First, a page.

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Liquid Level Control of Gravity Drained Tank
Lab Procedure
Goal: To investigate the dynamic behavior of gravity drained tanks and design control strategies
to maintain the level through feedback systems.
References:
Cooper, Doug J. 2006-2008. Practical Process Control. controlguru. [Online] 2006-2008. [Cited: 10 10,
2013.] http://www.controlguru.com/.
James B. Riggs, M. Nazmul Karim. 2007. Chemical and Bio-process Control. s.l. : Ferret Publications,
2007.
In this experiment, you will study and design the control system of a liquid level in a 10 liter tank
in the presence of feed flow rate and outlet flow rate disturbances. The self-regulating behavior
of the process means that the tank will seek a steady operating level if the inlet flow and
disturbances are held constant.
The cart is designed to use water from the lab faucet and is controlled by CV001, which then
flows through a MicroMotion Flow Tube into the 10 liter vessel. The rate of water draining from
the tank through the 0.25” ID hose is controlled by CV002. The water level in the tank is
measured by a Milone eTape level transmitter that acts as a variable resistor providing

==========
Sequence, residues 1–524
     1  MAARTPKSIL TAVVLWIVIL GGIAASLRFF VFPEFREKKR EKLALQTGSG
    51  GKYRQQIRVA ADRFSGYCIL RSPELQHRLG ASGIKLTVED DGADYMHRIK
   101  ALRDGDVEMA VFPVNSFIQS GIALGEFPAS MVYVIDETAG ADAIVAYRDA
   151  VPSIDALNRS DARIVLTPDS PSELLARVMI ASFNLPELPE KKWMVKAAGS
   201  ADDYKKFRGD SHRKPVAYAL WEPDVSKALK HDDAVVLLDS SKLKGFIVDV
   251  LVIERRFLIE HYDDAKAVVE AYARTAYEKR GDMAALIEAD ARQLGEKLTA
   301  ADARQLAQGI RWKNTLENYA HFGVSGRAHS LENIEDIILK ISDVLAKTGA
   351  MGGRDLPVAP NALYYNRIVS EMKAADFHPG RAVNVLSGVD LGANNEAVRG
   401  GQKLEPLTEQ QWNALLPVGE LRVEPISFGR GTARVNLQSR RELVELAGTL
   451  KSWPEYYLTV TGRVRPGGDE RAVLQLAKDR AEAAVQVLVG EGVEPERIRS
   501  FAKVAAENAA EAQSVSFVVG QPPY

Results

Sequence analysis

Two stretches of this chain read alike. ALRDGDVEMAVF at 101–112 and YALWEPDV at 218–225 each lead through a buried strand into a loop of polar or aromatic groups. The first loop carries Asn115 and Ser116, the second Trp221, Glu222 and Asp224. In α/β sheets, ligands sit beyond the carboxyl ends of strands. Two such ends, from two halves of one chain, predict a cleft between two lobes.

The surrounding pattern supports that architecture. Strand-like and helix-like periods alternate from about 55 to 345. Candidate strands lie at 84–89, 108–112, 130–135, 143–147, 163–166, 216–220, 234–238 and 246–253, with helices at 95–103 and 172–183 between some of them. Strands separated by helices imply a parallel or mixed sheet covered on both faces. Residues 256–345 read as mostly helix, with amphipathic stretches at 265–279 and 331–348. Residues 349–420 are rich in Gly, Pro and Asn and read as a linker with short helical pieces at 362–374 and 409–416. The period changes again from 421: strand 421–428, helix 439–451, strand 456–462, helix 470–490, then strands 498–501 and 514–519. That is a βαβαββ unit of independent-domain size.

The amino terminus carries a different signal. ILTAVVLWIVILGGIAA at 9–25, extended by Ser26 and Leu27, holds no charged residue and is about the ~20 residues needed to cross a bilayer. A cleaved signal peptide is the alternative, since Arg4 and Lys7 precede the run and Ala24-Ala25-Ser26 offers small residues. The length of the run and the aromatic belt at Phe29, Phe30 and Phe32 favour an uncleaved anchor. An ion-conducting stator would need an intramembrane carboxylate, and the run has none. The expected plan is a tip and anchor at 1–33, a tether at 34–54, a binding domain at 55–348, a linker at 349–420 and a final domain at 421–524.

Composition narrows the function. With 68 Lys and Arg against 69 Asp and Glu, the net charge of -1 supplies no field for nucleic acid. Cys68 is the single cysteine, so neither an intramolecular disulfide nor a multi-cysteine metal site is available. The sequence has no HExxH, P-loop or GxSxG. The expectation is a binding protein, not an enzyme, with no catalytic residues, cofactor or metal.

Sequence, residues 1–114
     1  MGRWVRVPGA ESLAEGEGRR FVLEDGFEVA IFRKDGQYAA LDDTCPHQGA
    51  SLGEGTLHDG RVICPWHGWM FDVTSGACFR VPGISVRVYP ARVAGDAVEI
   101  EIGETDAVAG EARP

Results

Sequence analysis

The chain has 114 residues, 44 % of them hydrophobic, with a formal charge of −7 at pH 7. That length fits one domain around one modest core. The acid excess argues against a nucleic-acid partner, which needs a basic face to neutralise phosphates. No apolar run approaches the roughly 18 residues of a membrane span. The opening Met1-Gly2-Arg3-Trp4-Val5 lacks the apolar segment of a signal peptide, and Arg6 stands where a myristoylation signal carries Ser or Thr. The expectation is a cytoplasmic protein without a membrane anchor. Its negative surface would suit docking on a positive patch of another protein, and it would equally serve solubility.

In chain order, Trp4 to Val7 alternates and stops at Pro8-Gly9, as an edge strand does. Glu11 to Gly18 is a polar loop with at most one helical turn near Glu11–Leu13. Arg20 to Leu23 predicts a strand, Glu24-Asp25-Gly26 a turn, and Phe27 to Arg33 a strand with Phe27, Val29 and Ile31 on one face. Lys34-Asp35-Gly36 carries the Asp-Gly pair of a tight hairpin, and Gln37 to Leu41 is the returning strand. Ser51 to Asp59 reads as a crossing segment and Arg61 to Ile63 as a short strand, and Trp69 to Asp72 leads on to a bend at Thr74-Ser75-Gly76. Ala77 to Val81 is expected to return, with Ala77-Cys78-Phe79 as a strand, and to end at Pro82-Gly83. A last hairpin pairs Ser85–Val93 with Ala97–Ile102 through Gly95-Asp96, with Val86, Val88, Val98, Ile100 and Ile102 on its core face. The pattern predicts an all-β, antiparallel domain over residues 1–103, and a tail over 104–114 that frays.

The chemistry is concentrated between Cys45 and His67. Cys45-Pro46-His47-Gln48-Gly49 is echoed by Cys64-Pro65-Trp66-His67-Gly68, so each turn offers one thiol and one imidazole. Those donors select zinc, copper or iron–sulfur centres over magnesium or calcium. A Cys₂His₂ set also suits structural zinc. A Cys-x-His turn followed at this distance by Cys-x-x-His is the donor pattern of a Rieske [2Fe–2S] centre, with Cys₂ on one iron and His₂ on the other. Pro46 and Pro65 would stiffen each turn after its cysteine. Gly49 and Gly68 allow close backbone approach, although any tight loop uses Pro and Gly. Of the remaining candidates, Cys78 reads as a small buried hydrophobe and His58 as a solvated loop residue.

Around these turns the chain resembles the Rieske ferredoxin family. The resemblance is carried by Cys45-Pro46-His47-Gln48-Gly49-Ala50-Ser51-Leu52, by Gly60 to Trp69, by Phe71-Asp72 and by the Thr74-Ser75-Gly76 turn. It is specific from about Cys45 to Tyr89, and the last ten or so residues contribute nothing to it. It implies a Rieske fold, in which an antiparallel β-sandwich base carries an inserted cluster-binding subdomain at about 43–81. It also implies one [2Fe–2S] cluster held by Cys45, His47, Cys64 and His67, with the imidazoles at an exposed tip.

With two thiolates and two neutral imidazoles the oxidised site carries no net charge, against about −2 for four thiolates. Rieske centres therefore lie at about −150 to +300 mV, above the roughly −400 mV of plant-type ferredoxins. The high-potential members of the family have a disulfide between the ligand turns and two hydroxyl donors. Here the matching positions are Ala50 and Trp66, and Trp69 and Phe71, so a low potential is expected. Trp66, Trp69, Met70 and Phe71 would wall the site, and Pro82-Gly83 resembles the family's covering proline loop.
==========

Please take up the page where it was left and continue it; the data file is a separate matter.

instantaneous measurements to the microcontroller. The lab technician is the only person
authorized to adjust the level transmitter. Students are not permitted to remove electrical tape.
Day 1
Before starting the experiment, trace the flow path from the faucet and identify all
components from the P&ID. Draw the basic schematic and block diagram of the apparatus for PI
control of the liquid level with the first and second control valve.
Now that you are familiar with the system you are ready for start-up. Hook up the ¼” air hose to
the push-connect air line and the regulator on the cart. Check that all valves on the air-header are
in the closed position. Turn the air on fully and adjust the regulator to supply 25 psi to the
header. Next, screw the 1/2” OD polyvinyl hose to the water faucet and ensure a tight fit. Close
the inlet ball valve before turning on the faucet. Turn the faucet handle for cold water fully open
and check that no leaks are visible in any tube.
The cart is controlled by the Program LabVIEW 2013. It is a visual based programming that
allows for real time data acquisition, and a user friendly user interface called the VI. Open the
LabVIEW 2013 program titled LevelControllerFinal.vi from the desktop. This is the graphical
user interface and visual programming that performs the control operations. The Front Panel
displays the sensor output for the flow transmitter on the top graph, the level transmitter on the
bottom, as well as the Controller Outputs. The tuning parameters for both valves are displayed as
are selections for the control of the valves.
You can access the Block Diagram that displays the programming of the VI by going to
Window-Show Block Diagram. Students should not have to change any parameters at this point,
but it is useful to become familiar with operation.
Plug all three USB cables into the computer and set the Output to COM11, Level transmitter to
COM6 and Flow Transmitter to COM7. Click the Run button, the arrow in the top left of the
toolbar to start the program. The default setting for both control valves is manual mode.